Anatomy of a Fall

Anatomy of a Fall ★★★★½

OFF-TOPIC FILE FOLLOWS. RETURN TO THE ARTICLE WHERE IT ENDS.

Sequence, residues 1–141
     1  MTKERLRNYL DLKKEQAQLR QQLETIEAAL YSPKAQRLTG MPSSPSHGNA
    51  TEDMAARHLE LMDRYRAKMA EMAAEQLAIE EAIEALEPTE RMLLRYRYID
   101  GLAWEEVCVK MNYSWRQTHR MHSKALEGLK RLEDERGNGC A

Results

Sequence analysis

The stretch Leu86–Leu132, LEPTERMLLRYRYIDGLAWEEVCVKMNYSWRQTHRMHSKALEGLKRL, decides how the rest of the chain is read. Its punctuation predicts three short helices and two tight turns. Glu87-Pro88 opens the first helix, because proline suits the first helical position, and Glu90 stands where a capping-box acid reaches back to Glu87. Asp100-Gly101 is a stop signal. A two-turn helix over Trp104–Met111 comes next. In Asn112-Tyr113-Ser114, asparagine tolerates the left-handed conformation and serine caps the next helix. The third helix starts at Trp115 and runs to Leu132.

Somehow this movie is both everything you would expect and also something completely different, and it succeeds on both counts. On its face it’s a courtroom drama that clearly evokes Preminger’s “Anatomy of a Murder,” as the title suggests. But it also turns out to be about marriage, and about the insular reality that only the two partners in a marriage can understand, and by extension, it grapples with the nature of truth. All of this it does without taking sides or passing judgment, and in fact, the more you think on the events of the film, on what’s said and what it reveals about the characters, the more unsure you are that you’re even qualified to judge the truth for yourself. Director Justine Triet allows the proceedings to unfold before the audience’s eyes with a precise, almost clinical precision, allowing her actors to deliver stunning, powerful performances. Sandra Hüller is astonishingly effective; she invokes an utterly unique combination of both sympathy and suspicion. And child actor Milo Machado Garner is transfixing as her son; his soulful eyes and naturalistic delivery almost entirely distract you from the notion that kids don’t talk like this at all—another manipulation of the truth that leaves you pondering what you saw onscreen.

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